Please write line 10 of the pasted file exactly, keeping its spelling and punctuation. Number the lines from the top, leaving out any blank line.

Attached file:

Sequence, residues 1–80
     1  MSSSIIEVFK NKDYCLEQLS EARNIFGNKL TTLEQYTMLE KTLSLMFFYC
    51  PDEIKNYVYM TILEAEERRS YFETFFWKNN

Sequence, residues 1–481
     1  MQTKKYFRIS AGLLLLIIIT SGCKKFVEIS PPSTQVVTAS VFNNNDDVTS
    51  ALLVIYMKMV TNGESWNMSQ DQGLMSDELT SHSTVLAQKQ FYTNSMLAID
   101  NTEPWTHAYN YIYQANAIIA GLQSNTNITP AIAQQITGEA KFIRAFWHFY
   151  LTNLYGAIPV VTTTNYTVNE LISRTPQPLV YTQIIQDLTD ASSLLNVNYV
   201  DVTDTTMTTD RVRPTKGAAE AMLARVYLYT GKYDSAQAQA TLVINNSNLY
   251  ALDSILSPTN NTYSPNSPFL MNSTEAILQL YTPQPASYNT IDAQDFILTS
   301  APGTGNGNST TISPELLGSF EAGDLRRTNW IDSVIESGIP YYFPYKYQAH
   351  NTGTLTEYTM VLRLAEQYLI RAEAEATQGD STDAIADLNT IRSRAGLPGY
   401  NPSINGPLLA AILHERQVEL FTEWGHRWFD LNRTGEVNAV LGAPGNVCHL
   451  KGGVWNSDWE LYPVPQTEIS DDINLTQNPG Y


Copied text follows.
   251  ALDSILSPTN NTYSPNSPFL MNSTEAILQL YTPQPASYNT IDAQDFILTS